Despite the firm creation of Canada as its own entity after the War of 1812, its border issues with the United States were far from being completely resolved. Border issues continued to arise between the two countries as both countries experienced a steady westward expansion. The boundary between the United States and Canada was the least clear on the west coast. For a long time, both British and American fur traders had used the territory of Oregon as a common outpost by common agreement, and this meant that the Canadian traders were using Oregon, too. In 1846, the Oregon Boundary Treaty was enacted between the United States and Canada. This treaty determined that the border between the two countries should follow the forty-ninth parallel, but that Vancouver should remain British. At this time, British and Canadian meant essentially the same thing. This treaty had the effect of establishing Vancouver as the premier western city of Canada.
Though there have been minor border issues between the United States and Canada since the Oregon Boundary Treaty, relations between the two nations have been relatively peaceful throughout the years. The biggest border issues to come up between the United States and Canada since this treaty was signed happened during the Vietnam War. At this time, the United States was involved in a highly controversial conflict with communist forces in Vietnam. Young men were being drafted into the military in large numbers, and many of them did not want to go, for various reasons. However, if they refused to go into the military and stayed in the United States, these young men faced jail. Going to Canada was a viable option to avoid military service and jail. Canada's prime minister openly welcomed these young men to Canada, allowing them to flow freely across the border between the two countries. The government of the United States was understandably upset by this, and tensions between the two nations heated up for a while. Talk was made of beefing up security at the border in order to keep people from crossing to dodge the draft. However, nothing was ultimately done, and the young men who escaped to Canada during the Vietnam War were eventually offered an unconditional pardon and allowed to return home if they wished. This whole scale acceptance by Canada of young men avoiding the draft in the United States was one of the first indications to many that the United States and Canada were culturally two separate counties, as well as geographically.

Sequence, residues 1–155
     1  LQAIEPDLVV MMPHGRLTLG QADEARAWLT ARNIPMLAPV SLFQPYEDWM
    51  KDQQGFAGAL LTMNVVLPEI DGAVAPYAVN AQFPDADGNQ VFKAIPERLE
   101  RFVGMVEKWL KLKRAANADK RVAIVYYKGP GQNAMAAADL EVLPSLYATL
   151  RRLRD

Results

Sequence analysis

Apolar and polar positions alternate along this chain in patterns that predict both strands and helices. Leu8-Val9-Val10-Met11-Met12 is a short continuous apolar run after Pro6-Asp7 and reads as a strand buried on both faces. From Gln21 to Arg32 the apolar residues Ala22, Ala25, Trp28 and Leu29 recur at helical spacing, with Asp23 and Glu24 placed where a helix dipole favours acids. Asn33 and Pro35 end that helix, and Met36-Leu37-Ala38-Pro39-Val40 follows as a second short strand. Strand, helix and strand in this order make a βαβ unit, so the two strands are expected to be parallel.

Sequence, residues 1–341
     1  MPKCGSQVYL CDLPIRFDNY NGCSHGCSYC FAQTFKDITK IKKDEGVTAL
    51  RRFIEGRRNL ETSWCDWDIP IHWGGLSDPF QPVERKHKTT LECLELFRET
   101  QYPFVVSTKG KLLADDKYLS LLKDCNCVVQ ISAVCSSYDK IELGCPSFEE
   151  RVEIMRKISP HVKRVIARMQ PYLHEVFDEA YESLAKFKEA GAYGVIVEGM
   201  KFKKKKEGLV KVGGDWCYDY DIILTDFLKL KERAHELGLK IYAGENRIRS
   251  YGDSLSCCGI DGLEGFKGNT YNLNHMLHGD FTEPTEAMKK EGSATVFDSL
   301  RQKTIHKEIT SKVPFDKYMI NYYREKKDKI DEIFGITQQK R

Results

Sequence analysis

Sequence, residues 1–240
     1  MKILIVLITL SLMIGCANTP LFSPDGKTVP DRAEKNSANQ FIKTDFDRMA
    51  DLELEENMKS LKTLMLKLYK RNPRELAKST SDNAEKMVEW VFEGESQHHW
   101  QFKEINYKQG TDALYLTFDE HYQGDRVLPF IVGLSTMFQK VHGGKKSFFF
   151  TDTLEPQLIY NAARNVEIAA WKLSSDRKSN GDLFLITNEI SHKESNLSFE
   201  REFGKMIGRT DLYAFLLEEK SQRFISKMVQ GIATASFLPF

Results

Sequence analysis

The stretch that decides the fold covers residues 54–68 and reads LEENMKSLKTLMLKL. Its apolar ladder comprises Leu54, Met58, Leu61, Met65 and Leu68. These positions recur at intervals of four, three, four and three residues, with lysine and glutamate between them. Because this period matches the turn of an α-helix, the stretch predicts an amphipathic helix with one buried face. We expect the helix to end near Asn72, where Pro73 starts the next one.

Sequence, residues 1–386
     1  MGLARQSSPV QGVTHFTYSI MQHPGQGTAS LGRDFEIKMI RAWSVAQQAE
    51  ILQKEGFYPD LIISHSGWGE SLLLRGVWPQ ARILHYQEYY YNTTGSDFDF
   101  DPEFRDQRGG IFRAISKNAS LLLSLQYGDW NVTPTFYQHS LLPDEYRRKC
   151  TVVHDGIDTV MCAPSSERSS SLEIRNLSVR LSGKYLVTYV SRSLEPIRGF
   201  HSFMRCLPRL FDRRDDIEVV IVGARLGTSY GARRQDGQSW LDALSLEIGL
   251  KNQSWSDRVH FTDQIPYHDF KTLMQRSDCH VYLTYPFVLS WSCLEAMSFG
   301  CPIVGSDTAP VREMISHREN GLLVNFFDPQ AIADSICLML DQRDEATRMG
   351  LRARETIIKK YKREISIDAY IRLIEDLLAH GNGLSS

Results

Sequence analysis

Of course, there are now more complicated issues involving the border between the United States and Canada than there have ever been in the past. These new, complicated issues have arisen as a result of the September 11 terrorist attacks on the United States. All of a sudden, that vast, undefended border between the two nations has become of great concern to the United States. The concern that terrorists could come into Canada and then easily cross the border into the United States has caused some changes to be made in the way crossings and other activities at the U.S. -- Canadian border are now handled. However, the fact that these changes have been made mainly on the side of the United States is causing friction between the two countries that has not been seen since the issues surrounding the Vietnam War. While both sides agree that changes need to be made, they are having a hard time coming to an agreement on just what these changes should be.
Both Canadian and United States terrorism experts agree that terrorists have been able to find an entry point to the United States from Canada (Clayton, 2001). Some reports indicate that as many as five of the nineteen terrorists who hijacked airplanes in the United States on September 11, 2001 had sneaked into the United States from Canada. The reason that these terrorists were able to get so easily into Canada is that Canada has much more loose immigration laws than does the United States. It is easy for people to get into Canada, and easy…